Governments with the best of intentions created old-age retirement programs. Governments also levied taxes for their programs. The State took to itself the responsibility, once exercised by religious institutions, of providing for the elderly. With increased availability of welfare and retirement programs came a lessening need for having children care for elderly parents. The government would provide what was needed. Young people free from their responsibility show declining interest in the well-being of senior citizens. "There should be some government program" or "If we only had more money for this" is the attitude. The aged increasingly are seen as dependents rather than as individuals. What government overlooked is that the law of God, summed up in the Ten Commandments, puts the responsibility not upon government but upon the next generation — the children — to care for elderly parents. "Honor your father and your mother..." is the command (Ex. 20:12, Revised Authorized Version throughout). God's way is for the children to care for and assist their aged parents, who, in the meantime, should have provided for their own financial needs in their old age so children would not have that burden. "For the children ought not to lay up for the parents, but the parents for the children" (II Cor. 12:14). It is not primarily a responsibility of politicians in government to care for the elderly!
The Neglected Solution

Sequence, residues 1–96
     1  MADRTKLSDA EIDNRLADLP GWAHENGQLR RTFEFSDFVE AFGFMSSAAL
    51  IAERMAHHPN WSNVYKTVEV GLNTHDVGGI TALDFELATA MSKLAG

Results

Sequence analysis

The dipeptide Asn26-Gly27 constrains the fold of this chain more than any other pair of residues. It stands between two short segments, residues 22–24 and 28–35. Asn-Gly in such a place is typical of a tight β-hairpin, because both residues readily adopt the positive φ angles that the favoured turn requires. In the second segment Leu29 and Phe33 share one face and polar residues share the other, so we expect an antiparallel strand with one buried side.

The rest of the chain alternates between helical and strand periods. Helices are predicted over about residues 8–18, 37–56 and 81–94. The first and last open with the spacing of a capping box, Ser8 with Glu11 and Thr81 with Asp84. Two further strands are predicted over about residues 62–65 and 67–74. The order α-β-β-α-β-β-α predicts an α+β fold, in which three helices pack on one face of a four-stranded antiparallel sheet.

Man's government is inherently unable to deal effectively with the problem. This is not to speak disparagingly of governmental efforts to help aged populations. It is to say that the problem is too big for man to resolve fully. Whenever a national leader proposes changing a social security-retirement system, the opposition creates such a political storm that no long-term, permanent solution can be enacted. Yet the permanent solution has been available to governments for a number of years. The book containing the solution probably sits upon government desks at this very moment. The book is called the Holy Bible. Humans have neglected to observe that the Bible is a book containing sound economic information. There is not one single facet of life upon which the Bible does not touch and, in principle, tell people what to do. Personal and national finances are clearly explained within this revealed knowledge from God. God's instruction is, "A good man leaves an inheritance to his children's children... " (Prov. 13:22). In today's mixed-up world this becomes, for many, almost impossible. Now the elderly have become over-dependent upon governmental support, which younger taxpayers fund. Governments have always reversed God's instruction. When social security-retirement programs were first created — some about a century ago — the government said in effect, "We will provide for your retirement." People, believing the promises and hopes of socially concerned leaders, often stopped saving for their retirement. And governments, by gradual inflationary practices, further reduced people's incentive to save. Now most elderly no longer depend upon their savings or their families for support. They must rely upon a surrogate family — government. Governments during the Great Depression regarded social security-retirement taxes as a quick-fix measure to balance then-burgeoning budget deficits. They never anticipated life expectancy would ever average 74 years. The system initially seemed to work because more workers paid in than retirees withdrew. Now this has changed. Many people today, believing they will be supported by the welfare-retirement programs, expect the government to support them. They are no longer regarded as a safety net only for those in need. These programs are looked upon as a right. Young people, believing parents would be supported by welfare-retirement programs, now expect governments to support their elderly populations. A recent example demonstrates this point. One family committed their slightly senile parent to an old-age home. In order to avoid payment the family members gave false names and addresses so they could not be traced. The parent; — who gave them life, who cared for them, helped them when they were sick, supported them when they were young — is now left all alone. "I have my own life to live" is the selfish attitude. God foretold this pathetic attitude as a major trait for this age: "But know this, that in the last days perilous times will come: for men will be lovers of themselves ... disobedient to parents" (II Tim. 3:1-2). Humans in their ignorance have supplanted God's command to respect aged parents. "You shall rise before the gray headed and honor the presence of an old man, and fear your God: I am the Lord" (Lev. 19:32). God himself is, in fact, revealed in the Bible as the "Ancient of Days" in the book of Daniel. Thankfully, God will soon supernaturally intervene and establish his government on this earth and enforce his laws (Dan. 2:44-45). The returned Jesus Christ will rule the nations with mercy and with justice for all (Isa. 61:1-3)